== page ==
Not to mention 2017’s data breach regarding Taringa’s user information, where over 28 million emails and passwords were exposed.
Final fact, this year 9 out of 10 banks in Latin America suffered from a cybercrime attempt. Although only 37% were succesful, this is still a major red flag for the new digital economy.
Fortunately, there are some initiatives trying to tackle the situation. The Tecnológico de Monterrey, in partnership with Cisco, Citibanamex, Deloitte, IBM and Thales Group, created the first Latin American cybersecurity hub, aiming to connect startups, researchers, professors, students and investors currently targeting the matter.
Unfortunately, not everything is ideal and rosy. There are ugly things going on in the ecosystem. Some of them which we might not even know about, yet.
So, the nomination award for the ugliest-of-them-all 2018 goes to…
Mexican ed-tech startup, Yogome
For the guys out there living under a rock, here’s a quick recap of what happened.
Yogome was a mexican startup focused on creating educational videogames for children. It was part of 500 Startups batch, and returned 8 times the fund for Mexican.vc, its original backers. It was a child prodigy.
However, Manolo Díaz, the company’s CEO was actually mismanaging the company, inflating the number of users and revenue metrics the App Store provided. Basically “cooking the books” to impress the investors.
Some little time after they raised a USD $26.9M round from international investors, including Seaya Ventures, an employee found out about the long-lasting fraud and decided to speak up. Ultimately, the Board decided to shut down the company.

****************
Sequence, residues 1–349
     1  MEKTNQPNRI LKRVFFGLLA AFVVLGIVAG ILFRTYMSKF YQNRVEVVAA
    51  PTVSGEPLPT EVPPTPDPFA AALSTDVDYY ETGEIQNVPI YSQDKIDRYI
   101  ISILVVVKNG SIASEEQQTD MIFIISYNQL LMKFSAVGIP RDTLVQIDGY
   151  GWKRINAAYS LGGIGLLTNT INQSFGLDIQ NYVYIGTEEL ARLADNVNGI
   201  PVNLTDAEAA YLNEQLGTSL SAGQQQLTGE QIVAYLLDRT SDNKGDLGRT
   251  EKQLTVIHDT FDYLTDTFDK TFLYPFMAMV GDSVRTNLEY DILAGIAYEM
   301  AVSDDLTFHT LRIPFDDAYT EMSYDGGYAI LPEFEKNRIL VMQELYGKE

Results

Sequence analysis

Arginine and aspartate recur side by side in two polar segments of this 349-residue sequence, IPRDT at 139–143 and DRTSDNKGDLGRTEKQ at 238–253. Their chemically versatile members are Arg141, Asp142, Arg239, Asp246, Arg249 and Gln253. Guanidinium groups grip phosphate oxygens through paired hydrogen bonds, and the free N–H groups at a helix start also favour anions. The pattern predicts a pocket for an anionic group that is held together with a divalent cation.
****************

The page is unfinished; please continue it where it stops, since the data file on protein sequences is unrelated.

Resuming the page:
Well, opinions were very diverse. Here’s what some VC’s had to say:
Some of them really showed discontent, and thought this was a major event.
“This news will make it harder to raise capital in Latin America. It will raise the expectations for transparency, corporate governance, and best practices…”– Santiago Zavala, 500 Startups
Some believed it was a one-time case, and it’s not necessarily an upcoming trend.
“This happens everywhere. I don’t think it’s going to scar the entrepreneurship ecosystem”– Fernando Lelo De Larrea, ALLVP (Expansión)
“This is an isolated case, we’ve made 10 investments in startups and we’ve never had anything like this happening to us”– Rodrigo Villar, Adobe Capital (Expansión)
Others saw this as a learning experience.
“We need to do more detailed revisions in revenue audits, and use more sources when gathering information”– Diego Serebrisky, Dalus Capital (Expansión)
Bonus Point: The best of the year!
Contxto arrived to stay.– Contxto, Contxto 2018
You read that right! We believe there are amazing things happening in our region, but not many people find out about them!
The amount of media exposure to Latin American tech, startups and investors is just underwhelming and we saw the need to shine the spotlight on them!
Contxto is here to reveal these companies to the rest of the world! Information is obscure, data is not accurate, but our mission is to change that.
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Merry Christmas and Happy New Year!
– The Team